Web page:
CES 2023: How P&G’s Consumer Brands Keep Reaping Rewards from Space Research

Lisa Johnston
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P&G Tide
P&G is re-investigating ISS learnings for the future of its Tide products.

Why would a consumer goods company want to conduct research in space? For one thing, it’s a pretty great environment to work on your innovation resource efficiency. 

That’s just what Procter & Gamble has been doing in leveraging the International Space Station (ISS) National Lab, and other CPGs are following suit. 

“We're using this as a vehicle of constrained resources, and the resources of water and energy are constrained around the world,” noted Mark Sivik, P&G senior director, research fellow, during a panel at CES 2023. “It’s an excellent vehicle for us to see how efficient we can develop a detergent system, new cleaning products, [and] how we meet our objectives not just for our company, but for the globe, using consumer products in the most effective way possible.”

P&G has supported NASA since the 1960s by developing cleaning and grooming products for astronauts, and it in turn uses the ISS to understand things like the fluid microstructure and polymeric systems to improve the stability of consumer detergent systems. That research has translated into patents for the No. 3 publicly owned consumer goods company to benefit such consumer brands as Downy and Febreze. 

Fun fact: Astronauts wear their garments for 4-6 days in space and don’t do laundry. (You can imagine the smell after their mandatory workouts.) What’s more, water is expensive to use on the ISS, and so to address this, P&G designed a detergent system that miniaturizes the amount of water used to increase cleaning systems efficiency. 

These learnings are also being applied to the same principles driving its Tide and other detergent brands to save water, resources, and energy for consumers.

“There's a number of technologies that we've leveraged for NASA that we’re actually re-investigating for opportunities for the future of Tide products for the consumer use in the future,” Sivik added.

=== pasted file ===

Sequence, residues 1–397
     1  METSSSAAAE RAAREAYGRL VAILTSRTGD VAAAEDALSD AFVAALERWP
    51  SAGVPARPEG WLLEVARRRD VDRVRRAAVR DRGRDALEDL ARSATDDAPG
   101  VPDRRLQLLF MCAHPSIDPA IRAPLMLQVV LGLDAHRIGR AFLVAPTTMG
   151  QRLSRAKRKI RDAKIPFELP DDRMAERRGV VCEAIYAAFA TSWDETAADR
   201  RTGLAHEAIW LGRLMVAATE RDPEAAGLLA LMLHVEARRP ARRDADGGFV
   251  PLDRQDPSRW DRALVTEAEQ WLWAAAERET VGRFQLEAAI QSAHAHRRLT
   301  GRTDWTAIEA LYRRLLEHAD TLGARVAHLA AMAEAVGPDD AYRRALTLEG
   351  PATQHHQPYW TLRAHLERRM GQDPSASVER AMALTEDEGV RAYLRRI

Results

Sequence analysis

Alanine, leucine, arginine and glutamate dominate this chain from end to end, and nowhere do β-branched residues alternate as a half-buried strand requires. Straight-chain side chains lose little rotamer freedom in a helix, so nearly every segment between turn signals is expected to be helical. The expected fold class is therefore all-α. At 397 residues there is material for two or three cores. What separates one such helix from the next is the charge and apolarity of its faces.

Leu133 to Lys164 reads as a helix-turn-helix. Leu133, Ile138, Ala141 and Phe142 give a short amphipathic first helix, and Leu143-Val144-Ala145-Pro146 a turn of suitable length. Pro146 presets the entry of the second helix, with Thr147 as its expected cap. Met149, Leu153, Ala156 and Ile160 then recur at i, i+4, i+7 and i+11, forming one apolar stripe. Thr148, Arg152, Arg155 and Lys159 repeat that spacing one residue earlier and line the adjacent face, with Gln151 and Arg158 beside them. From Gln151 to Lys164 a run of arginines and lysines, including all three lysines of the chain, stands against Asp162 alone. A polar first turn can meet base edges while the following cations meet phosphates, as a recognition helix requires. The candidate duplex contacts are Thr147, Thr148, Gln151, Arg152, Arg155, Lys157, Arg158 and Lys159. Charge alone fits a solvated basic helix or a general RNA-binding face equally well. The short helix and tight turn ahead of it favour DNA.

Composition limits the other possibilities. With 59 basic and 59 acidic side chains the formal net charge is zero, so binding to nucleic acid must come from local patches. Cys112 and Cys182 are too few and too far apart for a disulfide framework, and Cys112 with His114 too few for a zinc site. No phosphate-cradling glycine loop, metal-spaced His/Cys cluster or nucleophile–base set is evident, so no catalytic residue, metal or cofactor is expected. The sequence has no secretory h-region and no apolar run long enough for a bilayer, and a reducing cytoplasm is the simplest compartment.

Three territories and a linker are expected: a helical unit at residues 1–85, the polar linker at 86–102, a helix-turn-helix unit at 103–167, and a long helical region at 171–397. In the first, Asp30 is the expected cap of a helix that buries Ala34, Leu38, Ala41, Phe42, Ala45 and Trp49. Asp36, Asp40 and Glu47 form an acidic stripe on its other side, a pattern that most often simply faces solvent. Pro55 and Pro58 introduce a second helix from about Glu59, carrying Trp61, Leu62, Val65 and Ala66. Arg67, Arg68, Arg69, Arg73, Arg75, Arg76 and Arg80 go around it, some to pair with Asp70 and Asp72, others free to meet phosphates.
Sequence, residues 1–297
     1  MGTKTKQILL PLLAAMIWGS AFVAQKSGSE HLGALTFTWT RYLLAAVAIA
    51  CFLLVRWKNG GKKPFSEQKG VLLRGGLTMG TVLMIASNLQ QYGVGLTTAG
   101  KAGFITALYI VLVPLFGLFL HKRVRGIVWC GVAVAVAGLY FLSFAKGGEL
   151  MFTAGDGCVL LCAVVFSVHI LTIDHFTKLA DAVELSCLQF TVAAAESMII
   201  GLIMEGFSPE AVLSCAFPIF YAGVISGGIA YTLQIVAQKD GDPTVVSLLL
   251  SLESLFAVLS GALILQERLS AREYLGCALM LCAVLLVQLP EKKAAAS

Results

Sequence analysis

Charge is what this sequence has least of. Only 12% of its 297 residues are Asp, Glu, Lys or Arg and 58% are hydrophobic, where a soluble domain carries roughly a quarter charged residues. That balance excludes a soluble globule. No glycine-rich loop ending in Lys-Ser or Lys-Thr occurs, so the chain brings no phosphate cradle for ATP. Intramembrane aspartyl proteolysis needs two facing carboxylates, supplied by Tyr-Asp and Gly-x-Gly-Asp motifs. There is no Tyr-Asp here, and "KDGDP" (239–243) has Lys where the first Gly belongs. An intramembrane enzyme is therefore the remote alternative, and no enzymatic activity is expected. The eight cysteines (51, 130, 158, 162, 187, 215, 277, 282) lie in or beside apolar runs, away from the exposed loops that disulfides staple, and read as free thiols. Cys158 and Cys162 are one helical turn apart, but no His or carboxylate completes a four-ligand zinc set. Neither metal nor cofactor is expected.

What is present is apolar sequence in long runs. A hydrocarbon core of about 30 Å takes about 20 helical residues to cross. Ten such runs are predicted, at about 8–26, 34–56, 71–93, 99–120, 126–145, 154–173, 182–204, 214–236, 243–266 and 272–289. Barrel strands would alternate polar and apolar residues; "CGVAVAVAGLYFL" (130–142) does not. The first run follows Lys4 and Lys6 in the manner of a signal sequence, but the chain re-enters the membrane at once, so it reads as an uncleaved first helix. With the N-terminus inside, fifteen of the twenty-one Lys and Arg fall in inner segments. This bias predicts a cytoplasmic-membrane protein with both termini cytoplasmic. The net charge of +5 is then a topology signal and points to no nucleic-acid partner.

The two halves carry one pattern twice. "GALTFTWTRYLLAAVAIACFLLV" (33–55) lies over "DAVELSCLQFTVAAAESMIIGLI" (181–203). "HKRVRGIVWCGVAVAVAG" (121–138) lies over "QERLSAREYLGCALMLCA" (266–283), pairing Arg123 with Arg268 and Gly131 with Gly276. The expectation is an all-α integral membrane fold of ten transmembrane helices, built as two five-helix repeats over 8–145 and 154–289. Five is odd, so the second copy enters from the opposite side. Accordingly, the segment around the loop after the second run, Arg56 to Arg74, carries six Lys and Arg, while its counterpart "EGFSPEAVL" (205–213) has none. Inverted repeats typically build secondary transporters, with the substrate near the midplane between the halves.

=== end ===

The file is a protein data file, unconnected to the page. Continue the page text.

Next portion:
The Why and How Behind CG Space Innovation

P&G isn’t the only consumer goods company conducting research in space, with firms like Colgate-Palmolive and Estee Lauder similarly partnering with the ISS National Lab for business purposes. 

Colgate-Palmolive’s oral care experiment sought to explore the bacteria affecting oral and overall health by using space’s unique microgravity environment to simulate bacterial growth on a tooth-like surface.

Estee Lauder, meanwhile, not only leveraged the ISS as part of a marketing campaign, but it also partnered with the National Lab to advance the beauty company’s research for more sustainable packaging, including waste reduction and plastics alternatives.

The No. 1 criteria in engaging companies interested in space research is determining the benefit they’ll derive from access to the space and microgravity environment, said Michael Roberts, chief science officer of the ISS National Laboratory. They should be able to address two questions: 

  • What is the science hypothesis to be tested? 
  • What is the technology development goal that can derive benefit? 

“What we've seen in building the portfolio of the National Lab over the past 12 years is that space really is an innovation engine,” said Roberts. “[P&G is] learning new avenues to gain access to space that benefit their interest in improving consumer healthcare products, and we're seeing even more interest from the pharmaceutical sector as well.” 

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